claim, to put it another way, was not about human prehistory but human
nature; though if you think that human nature is invariant, at least in respect

15 Hobbes (1651/1996), Bk. I ch. 13 “Of the Naturall Condition of Mankind.”
Genealogies and the State of Nature

of those particular features of it needed for your theory, the central claim
will have implications about a prehistoric state of nature as well.
Our fourth example (the present writer™s own) turned out to be in a
somewhat similar position. Whereas Hobbes wanted to recommend a cer-
tain political constitution to his contemporaries, I wanted to explain some-
thing about our contemporary conceptual equipment. So I needed to make
claims about contemporary (or at least near-contemporary) facts, and any
implied reference to a state of nature was a nonloadbearing frill rendered
harmless by the basic character of the particular facts in question. That
suggests, I suppose, that my claim to membership of the state-of-nature
tradition was spurious; but then again, how could it be spurious if I am in
such good company as that of Hobbes, on whose membership I have just
cast exactly the same slur? Perhaps the de¬ning feature of the tradition is
not an argumentative strategy but a literary device, that of presenting a
generalisation about the human condition as a sketchy description of the
early life of the race. In that case we misrepresent it if we see it as a type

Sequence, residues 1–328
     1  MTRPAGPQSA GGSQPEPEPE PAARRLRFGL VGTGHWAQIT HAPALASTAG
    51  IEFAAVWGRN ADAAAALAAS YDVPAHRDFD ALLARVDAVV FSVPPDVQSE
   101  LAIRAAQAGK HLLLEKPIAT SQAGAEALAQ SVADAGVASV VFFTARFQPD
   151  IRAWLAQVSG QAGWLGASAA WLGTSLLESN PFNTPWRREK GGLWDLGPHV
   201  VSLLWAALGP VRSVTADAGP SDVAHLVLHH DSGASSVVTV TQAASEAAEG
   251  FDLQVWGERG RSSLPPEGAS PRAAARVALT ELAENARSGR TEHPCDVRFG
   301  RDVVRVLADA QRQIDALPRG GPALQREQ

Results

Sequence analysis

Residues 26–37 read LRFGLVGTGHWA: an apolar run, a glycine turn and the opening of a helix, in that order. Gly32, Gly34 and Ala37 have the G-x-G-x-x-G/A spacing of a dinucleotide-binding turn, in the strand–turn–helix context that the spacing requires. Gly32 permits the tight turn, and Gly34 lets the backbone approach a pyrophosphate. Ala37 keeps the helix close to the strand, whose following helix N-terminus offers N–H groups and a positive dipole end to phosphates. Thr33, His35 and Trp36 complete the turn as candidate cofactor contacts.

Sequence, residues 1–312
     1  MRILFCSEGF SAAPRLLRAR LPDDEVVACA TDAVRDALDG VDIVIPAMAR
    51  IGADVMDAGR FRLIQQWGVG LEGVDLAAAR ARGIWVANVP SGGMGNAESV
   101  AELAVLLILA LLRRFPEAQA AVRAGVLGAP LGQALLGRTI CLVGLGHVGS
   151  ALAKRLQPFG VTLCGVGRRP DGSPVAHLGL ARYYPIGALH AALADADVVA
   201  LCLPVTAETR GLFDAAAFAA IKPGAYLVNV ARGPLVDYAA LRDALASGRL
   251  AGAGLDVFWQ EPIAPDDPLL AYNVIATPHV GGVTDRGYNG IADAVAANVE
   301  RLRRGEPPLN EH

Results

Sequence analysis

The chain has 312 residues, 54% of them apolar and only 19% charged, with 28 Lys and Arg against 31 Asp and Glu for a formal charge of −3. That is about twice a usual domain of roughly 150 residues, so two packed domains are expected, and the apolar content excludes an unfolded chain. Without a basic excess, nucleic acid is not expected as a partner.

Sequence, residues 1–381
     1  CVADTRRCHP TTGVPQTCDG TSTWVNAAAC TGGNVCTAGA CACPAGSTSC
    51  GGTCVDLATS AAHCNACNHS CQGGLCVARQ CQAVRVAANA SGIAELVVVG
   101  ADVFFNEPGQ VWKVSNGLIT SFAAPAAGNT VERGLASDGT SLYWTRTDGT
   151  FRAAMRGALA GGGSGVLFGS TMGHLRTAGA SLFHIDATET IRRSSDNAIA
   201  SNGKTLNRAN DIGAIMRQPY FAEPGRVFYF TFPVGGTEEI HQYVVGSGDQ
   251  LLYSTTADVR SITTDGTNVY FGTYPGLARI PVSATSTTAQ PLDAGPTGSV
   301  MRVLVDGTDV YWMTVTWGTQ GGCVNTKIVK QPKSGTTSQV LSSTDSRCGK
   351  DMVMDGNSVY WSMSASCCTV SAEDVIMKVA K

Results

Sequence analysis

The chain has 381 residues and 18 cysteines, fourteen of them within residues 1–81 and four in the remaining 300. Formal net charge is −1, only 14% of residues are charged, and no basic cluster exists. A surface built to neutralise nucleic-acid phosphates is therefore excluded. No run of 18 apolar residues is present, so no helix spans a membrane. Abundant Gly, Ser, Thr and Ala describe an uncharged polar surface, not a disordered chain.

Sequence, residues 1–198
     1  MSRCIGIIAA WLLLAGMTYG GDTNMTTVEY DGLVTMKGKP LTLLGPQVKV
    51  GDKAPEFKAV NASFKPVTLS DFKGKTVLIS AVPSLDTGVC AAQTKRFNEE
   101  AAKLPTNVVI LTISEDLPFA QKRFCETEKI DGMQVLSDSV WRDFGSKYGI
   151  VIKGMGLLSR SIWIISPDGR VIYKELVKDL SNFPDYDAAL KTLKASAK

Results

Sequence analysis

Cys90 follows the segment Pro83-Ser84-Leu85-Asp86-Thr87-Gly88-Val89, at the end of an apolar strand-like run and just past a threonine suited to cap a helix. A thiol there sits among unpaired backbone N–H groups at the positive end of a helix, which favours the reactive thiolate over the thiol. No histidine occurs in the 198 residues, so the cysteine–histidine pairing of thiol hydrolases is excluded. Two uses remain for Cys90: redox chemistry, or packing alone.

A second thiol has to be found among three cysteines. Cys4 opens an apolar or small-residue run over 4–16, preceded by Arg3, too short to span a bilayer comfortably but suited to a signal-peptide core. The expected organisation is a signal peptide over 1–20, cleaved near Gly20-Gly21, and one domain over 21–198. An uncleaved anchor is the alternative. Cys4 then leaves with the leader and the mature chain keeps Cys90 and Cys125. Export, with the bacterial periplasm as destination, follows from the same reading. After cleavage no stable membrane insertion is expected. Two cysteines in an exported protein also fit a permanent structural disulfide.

of genealogy, namely that in which the facts appealed to are prehistorical
(and hence likely to be so conjectural that we might be inclined to use the
word “¬ction”). The truth is that it is not essentially historical at all, and
if it appears so then only because of its tendency to stick to generalisations
so general that they don™t sound absurd if occasionally applied to cavemen.
Williams tells us that the state of nature is not the Pleistocene.16 Indeed
not. The question “when?” just doesn™t apply to it. When it does apply, as
for instance to some of the things Hume wrote in The Natural History of
Religion, that is not because of the state-of-nature method per se, but because
of the particular phenomena it is being used to illuminate.
State-of-nature theories are “imaginary” then, at most in the sense that
they weave ¬ctions around factual claims about human nature. If those
claims are false so is the theory; it is not just an unusually ¬ctitious piece